I wanted to get the various skeletons hanging on the walls, and some of the display cases – and I needed the items on the wall to be easily seen, and simple for me to sketch.
So I’ve distorted reality – spreading out the hallway so that I’m looking at both walls more flat-on than in reality.
After quickly sketching in an X for of the ceiling / floor, I stand with my back to the right hand wall to draw the opposite (left) side with the turtle skeletons – then physically move my view point – putting my back to the left hand wall to draw the opposing (right) side with the office door.
I started the drawing from the very back of the hallway, because of where the skeletons are hung, but moved to around the middle point so that I could peek in at the academic clutter inside office door.
There’s no way to actually see into that door from the back of the hallway – so I had to edge forward to get it in.
With this trickery, we able to see the most interesting parts of the two walls, somehow magically in the same drawing.
This isn’t correct by any means – but it’s lets me see what I want to sketch.
Take that, Rules of Perspective!
Ok, third example on an interior – this one even more un-likely.
What I wanted to draw most in this little stairwell in the Chateau Dufresne, was the statue of the frolicking couple in the niche between landings.
(Sorry, it didn’t turn out very clear in the sketch – it’s a dude throwing his girlfriend up in the air while stepping on an old man. Typical French Rococo stuff. Why wouldn’t you want a thing like that in your hallway!?)
But at the same time I was interested in the yoke-arched doorways and ankh shaped windows that are quite distinctive of this house.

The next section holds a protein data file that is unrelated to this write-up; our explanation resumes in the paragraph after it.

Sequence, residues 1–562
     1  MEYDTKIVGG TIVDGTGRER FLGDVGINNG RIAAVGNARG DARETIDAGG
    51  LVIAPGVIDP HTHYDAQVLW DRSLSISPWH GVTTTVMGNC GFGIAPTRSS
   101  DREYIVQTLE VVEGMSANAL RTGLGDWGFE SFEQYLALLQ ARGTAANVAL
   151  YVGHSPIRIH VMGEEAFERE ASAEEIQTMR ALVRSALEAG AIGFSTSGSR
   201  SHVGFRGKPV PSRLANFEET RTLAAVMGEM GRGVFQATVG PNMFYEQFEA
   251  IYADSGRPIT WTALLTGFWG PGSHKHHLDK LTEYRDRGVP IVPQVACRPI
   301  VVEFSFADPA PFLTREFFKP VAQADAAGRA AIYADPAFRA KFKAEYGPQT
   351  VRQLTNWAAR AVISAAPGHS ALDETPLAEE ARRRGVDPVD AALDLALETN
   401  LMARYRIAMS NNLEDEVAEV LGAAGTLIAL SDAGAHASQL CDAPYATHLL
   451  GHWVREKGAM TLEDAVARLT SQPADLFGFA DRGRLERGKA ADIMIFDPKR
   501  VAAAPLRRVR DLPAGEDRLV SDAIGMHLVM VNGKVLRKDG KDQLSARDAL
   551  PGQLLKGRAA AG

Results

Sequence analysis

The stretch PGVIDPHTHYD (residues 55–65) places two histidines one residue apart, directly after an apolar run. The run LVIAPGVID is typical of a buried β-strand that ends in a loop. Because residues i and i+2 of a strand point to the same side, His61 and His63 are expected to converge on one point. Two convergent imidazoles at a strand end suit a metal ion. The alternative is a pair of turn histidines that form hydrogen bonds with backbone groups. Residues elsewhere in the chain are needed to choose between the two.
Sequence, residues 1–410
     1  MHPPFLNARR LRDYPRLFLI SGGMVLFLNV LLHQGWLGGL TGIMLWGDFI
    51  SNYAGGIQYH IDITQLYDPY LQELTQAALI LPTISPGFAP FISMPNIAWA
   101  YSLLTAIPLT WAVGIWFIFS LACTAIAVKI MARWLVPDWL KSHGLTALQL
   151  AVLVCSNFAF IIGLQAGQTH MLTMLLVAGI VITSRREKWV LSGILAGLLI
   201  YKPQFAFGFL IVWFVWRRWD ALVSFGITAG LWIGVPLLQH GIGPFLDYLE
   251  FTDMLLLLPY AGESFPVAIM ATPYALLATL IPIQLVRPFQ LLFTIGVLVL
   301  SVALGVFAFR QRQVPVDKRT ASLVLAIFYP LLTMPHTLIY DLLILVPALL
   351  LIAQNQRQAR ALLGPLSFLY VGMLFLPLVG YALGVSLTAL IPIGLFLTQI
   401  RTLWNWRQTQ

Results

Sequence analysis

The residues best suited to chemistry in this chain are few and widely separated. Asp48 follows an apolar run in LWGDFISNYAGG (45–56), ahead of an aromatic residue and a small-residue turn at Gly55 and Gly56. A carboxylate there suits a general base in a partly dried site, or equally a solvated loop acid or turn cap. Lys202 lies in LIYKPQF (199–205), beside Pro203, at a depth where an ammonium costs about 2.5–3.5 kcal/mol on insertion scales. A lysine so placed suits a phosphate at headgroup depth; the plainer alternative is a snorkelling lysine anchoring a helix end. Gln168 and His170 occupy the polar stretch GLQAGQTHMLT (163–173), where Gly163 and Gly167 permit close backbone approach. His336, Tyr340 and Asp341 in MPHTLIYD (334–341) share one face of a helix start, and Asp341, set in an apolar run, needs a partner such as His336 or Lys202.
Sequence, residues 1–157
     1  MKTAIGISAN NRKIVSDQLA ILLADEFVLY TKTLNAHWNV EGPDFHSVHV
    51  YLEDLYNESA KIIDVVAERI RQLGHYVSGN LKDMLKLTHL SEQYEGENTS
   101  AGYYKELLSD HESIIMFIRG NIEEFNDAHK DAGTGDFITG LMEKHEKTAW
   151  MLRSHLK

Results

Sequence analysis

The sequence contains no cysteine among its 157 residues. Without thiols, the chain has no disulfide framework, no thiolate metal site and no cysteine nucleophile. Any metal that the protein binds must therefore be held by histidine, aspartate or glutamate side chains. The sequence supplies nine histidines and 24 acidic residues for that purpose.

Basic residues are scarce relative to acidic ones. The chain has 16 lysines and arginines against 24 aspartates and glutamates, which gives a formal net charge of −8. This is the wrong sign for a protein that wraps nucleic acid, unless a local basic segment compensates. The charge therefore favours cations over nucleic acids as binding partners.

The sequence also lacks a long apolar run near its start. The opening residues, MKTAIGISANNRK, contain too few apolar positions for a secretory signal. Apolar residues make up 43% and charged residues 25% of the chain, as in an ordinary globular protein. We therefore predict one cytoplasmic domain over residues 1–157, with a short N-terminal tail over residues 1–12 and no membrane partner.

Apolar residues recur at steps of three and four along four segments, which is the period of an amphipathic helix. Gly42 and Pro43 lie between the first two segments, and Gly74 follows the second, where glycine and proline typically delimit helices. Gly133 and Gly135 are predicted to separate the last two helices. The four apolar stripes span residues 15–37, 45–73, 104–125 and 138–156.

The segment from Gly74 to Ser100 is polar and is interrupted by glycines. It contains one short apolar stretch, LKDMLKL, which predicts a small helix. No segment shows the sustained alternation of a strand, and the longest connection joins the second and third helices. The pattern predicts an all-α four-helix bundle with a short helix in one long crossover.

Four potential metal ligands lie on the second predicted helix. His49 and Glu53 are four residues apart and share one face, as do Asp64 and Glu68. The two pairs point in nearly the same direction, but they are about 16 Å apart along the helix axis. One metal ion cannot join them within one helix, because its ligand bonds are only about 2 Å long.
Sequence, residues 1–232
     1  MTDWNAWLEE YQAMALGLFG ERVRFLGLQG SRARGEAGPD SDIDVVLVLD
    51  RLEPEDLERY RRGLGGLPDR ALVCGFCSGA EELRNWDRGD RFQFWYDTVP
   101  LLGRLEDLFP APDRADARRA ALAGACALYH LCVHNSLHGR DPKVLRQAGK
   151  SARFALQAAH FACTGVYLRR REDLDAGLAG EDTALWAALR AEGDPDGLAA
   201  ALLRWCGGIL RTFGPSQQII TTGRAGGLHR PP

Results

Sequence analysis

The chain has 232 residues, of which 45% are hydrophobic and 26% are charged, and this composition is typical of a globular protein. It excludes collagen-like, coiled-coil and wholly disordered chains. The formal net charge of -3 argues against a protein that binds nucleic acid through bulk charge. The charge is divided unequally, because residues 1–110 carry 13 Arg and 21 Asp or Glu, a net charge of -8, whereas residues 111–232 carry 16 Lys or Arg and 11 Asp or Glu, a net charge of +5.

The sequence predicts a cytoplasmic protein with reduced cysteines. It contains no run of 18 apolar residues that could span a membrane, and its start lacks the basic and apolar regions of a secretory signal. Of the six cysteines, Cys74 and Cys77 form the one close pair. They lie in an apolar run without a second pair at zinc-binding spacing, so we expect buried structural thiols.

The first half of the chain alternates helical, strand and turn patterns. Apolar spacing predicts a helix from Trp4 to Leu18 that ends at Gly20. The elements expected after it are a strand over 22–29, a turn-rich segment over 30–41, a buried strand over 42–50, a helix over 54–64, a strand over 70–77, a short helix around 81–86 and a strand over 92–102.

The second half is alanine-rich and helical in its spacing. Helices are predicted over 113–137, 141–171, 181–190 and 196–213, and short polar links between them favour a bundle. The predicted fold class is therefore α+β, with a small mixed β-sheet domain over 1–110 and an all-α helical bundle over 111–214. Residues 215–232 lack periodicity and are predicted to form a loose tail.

That Ankh pattern is repeated in almost every major archway in the house. It makes me thing the was some secret-society mumbo-jumbo going on in this place. Some gatherings of old men in silk robes going about expanding their minds and contemplating the mysteries of the universe.
So, to get this ultra wide view in, once again, I’ve moved from one side of the hall to the other in the middle of the drawing. Sort of ‘drawing cross-eyed’.
In one half of the drawing I can see into the next room, and in the other half I can’t!
Perspective is shattered!
But still – it’s a fun little drawing with a unique point of view.
Ok – Finally, let’s forego perspective drawing entirely.
In this sketch, I started at the fireplace on the far side of the room – and just kept on drawing.
Moving around the room in a kind of continuous panoramic drawing.
Imagine you are standing in the center of the room, and just pivoting. Drawing each important landmark on the walls as you come to it. I actually had to do more moving than simply rotating, as the center of the room was blocked with various furniture and display cabinets.
I sketched each of the exits to the room, and kind of back-filled the furnishings and connected the paneled walls in between as if they joined seamlessly.
You might want to try this with an accordion book, so you won’t run out of space. Or, you can do as I did and just draw over the edge of the page onto a new sheet, adding sheets as required. The bigger the room, (or the more stuff crammed into it) the more length you might want for the drawing.
As I drew left to right across each of the three entrances, I was shifting my viewpoint so I could get a good sight-line into the rooms beyond.
Similar to what I had done with the office in the museum. I wanted to give the best peek at the silly furnishings in each adjacent room.
I’ve decided to call these kind of sketches Panopticons. For the ancient Greeks, a Panopticon was a particular type of building, usually a prison or a library, in which every room could be seen from a central point.
I guess their enemies and their books were the two things they most wanted to keep an eye on.
Makes sense to me!
I had a great deal of fun with this one. Just drawing, and making it up as I went along.
I plan to see what else I can do with these kind of interior panoramic sketches – and I’d be interested to hear if anyone else is playing around with similar ideas.
Why not drop me a note or a comment if you have some drawing experiments to share?